U.N. refugee agency (UNHCR) officials say camps for internally displaced people are beginning to sprout up across Iraq. This is happening, officials say, because communities in the country are closing their doors to the displaced. Lisa Schlein reports for VOA from UNHCR headquarters in Geneva.
The U.N. refugee agency says Iraq was extremely fragile before the war broke out in 2003. But it says what has happened since is catastrophic: about 2 million people have fled the country, mainly to Syria and Jordan. And another 2 million have become internally displaced.
The coordinator for the UNHCR's Iraq support unit, Andrew Harper, says he fears the recent bombing of the minarets on the Samarra shrine might trigger another wave of displacement within the country.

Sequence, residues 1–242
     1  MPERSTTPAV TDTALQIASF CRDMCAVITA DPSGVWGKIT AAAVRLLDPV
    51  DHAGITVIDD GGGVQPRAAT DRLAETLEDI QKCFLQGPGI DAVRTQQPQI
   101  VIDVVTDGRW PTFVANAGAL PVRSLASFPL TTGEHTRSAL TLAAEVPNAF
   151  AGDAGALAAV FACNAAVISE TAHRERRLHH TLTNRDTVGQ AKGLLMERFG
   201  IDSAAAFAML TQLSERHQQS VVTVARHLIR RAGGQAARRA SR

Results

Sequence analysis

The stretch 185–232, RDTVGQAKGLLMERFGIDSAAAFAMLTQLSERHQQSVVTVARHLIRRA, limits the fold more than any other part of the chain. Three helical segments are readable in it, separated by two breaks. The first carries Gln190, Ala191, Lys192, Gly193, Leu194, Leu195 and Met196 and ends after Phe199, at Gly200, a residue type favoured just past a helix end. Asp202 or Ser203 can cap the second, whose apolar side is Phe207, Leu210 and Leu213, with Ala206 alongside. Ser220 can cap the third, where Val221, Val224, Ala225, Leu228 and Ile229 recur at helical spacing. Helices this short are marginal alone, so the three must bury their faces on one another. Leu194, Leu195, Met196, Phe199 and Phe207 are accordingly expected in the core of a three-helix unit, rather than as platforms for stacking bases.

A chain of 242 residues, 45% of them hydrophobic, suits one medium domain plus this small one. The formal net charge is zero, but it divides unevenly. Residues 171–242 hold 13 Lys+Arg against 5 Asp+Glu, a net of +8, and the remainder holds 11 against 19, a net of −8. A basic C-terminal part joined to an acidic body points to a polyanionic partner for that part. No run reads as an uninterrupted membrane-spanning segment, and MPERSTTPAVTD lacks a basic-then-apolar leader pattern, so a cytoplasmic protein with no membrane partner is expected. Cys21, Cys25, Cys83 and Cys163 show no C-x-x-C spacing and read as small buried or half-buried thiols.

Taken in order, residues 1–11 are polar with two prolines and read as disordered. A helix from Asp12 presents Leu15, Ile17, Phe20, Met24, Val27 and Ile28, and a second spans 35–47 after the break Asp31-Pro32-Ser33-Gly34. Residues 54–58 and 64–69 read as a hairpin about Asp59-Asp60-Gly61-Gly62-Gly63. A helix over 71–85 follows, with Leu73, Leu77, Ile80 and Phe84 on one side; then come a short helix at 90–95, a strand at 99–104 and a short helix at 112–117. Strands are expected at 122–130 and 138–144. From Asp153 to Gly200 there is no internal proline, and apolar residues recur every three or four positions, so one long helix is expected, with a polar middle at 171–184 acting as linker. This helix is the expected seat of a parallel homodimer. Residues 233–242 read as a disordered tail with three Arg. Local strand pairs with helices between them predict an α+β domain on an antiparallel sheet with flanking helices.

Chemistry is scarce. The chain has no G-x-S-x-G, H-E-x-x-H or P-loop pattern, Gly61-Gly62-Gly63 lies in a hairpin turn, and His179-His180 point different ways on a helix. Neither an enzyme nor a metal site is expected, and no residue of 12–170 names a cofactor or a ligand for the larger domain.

He says these people will have a difficult time finding a safe haven as more and more communities are no longer accepting newcomers. The internally displaced are so desperate, Harper says, that they are creating their own camps.
"This is something which we knew would eventually come, but, we had tried to assist those communities, host communities absorb these people without the establishment of camps because camps are probably one of the worst things you can have," he noted.
Harper says these ad hoc camps are like slums and do not have proper provisions for sewage, shelter or security. He describes one such camp in the city of Najaf, about 160 kilometers south of Baghdad.
"Women going to the toilet in their tent or their huts, because they cannot go out…they cannot leave their huts. They are not registered for food. There certainly is no electricity. It is 50 degrees heat. The children are not going to go to school. Security is okay at the moment. There obviously is no employment possibilities there. And the most we can provide is some tents and some buckets and some non-food items," he explained.
U.N. coordinator Harper says so far there are only about 10 of these camps, but he expects to see many more springing up in the future.